The Junior Firefighter Youth Foundation was founded in 2003 and is a community-based organization that aims to mentor, train and develop young minds for the future. Los Angeles County Fire Capt. Brent Burton is the CEO/founder of the foundation and County Fire Chief Deputy Daryl L. Osby serves as the director.
Burton is also the current president of the African American Firefighter Museum and former president of the Stentorians of Los Angeles County.
The foundation has created and developed the Junior Fire Cadet Program.
Burton utilizes the Stentorian organization’s resources to run the program, which was first partnered with Tom Bradley Elementary School and, in the course of one year, expanded to Woodworth Elementary School, Normandie Avenue Elementary School and Birdie Lee Bright Elementary School.
At the end of the seven-week program, as they prepare to enter middle school, the students understand basic fire-safety principles, how the fire department operates, how important physical fitness is for them and the strict physical education requirements that are taught. The students are presented with certificates of completion and receive recognition for their efforts and hard work.
The Junior Firefighter Youth Foundation is currently developing other programs, which will soon be up and running, specifically a domestic violence training program. Verizon recently awarded the foundation a $24,900 grant to include the new component. The grant presentation took place on Friday at the site of the training at the Wisdom Academy for Young Scientists (WAYS), a public elementary charter school founded in 2006.
“Wisdom Academy for Young Scientist is the first of several schools to provide life-changing training as a part of the program’s curriculum,” said Burton. “The Foundation’s after-school program focuses on making smart choices, and targets fourth-and fifth-graders. It runs for seven weeks and meets for an hour and a half one day a week on the campuses of selected elementary schools,” he said.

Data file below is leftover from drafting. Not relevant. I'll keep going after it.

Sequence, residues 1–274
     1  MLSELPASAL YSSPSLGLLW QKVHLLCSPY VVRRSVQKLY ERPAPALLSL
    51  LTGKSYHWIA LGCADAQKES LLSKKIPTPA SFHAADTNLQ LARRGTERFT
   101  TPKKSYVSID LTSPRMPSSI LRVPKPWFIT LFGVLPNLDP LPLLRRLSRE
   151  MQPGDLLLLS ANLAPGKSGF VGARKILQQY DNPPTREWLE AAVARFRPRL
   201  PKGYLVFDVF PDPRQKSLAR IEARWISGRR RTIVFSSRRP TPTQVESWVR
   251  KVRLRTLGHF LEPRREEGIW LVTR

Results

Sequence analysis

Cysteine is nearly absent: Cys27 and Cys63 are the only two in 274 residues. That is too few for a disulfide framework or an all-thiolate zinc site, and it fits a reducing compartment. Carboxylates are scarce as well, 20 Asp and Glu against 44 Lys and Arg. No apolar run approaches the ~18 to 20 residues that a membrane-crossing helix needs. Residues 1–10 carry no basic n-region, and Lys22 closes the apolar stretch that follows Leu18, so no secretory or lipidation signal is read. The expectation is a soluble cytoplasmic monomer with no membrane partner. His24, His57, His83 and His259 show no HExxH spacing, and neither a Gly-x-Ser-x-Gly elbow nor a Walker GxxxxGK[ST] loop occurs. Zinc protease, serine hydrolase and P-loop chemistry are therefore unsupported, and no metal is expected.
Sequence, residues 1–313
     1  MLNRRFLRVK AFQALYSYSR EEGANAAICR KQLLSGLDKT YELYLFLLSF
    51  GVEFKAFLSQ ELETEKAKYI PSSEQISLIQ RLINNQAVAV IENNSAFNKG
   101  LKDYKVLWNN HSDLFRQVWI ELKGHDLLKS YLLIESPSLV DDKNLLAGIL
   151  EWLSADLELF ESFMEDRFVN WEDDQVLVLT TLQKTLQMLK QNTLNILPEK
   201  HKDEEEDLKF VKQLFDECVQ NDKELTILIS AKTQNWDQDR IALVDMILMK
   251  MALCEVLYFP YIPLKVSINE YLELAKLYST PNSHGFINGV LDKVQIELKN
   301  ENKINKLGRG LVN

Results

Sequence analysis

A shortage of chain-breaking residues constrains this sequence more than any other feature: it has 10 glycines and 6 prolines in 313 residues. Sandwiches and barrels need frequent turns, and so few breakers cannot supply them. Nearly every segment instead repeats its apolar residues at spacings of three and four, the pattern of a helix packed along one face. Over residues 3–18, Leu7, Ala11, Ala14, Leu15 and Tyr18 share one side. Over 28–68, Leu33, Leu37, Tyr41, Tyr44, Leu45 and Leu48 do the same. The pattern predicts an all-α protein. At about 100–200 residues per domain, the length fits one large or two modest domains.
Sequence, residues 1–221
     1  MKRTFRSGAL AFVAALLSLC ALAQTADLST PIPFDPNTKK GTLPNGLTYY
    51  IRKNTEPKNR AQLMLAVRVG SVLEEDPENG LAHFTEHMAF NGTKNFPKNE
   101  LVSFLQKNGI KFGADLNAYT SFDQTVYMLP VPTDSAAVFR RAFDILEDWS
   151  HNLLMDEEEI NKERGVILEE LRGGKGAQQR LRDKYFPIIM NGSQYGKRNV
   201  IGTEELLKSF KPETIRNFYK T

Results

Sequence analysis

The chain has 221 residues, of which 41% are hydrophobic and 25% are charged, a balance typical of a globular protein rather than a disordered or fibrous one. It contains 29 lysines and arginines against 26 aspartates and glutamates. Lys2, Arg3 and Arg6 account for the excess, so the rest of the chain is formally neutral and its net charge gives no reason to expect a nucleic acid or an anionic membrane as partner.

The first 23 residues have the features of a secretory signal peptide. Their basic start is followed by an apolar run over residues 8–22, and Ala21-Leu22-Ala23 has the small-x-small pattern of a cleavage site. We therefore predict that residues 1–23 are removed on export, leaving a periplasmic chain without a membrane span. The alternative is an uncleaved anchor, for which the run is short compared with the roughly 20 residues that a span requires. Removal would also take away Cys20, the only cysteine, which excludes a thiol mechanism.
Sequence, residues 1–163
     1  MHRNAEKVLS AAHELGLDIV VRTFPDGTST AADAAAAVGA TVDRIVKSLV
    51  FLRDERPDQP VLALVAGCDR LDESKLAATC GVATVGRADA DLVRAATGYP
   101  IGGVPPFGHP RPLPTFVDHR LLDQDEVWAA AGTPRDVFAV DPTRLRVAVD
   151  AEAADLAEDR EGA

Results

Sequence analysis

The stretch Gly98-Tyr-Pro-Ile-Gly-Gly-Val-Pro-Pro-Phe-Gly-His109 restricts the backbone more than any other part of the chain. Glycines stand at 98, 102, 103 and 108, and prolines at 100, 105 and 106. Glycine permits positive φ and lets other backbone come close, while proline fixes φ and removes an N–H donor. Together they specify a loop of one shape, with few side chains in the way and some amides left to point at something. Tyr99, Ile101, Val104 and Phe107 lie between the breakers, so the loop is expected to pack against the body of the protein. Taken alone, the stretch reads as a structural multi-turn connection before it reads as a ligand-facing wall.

The new training will be taught by clinical psychologist Dayatrice Darrington.
“I ask the children how they perceive abuse and if they can give examples,” explained Darrington.
“My goal is to educate the children about what is abuse, how to identify abusers, how to take proactive actions, how to react in the situation, where to find and get help, and provide them with coping skills about how to handle their own conflicts,” she continued.
Other programs offered by the organization are career day speakers, live fire department demonstrations with personal protective safety gear, presentations on fire safety education, disaster preparedness and the history of African Americans in the fire service.
For more information about the organization, the Junior Fire Cadet program, and the new Domestic Violence Prevention training, visit the organization’s website at www.jrffyouthfoundation.org.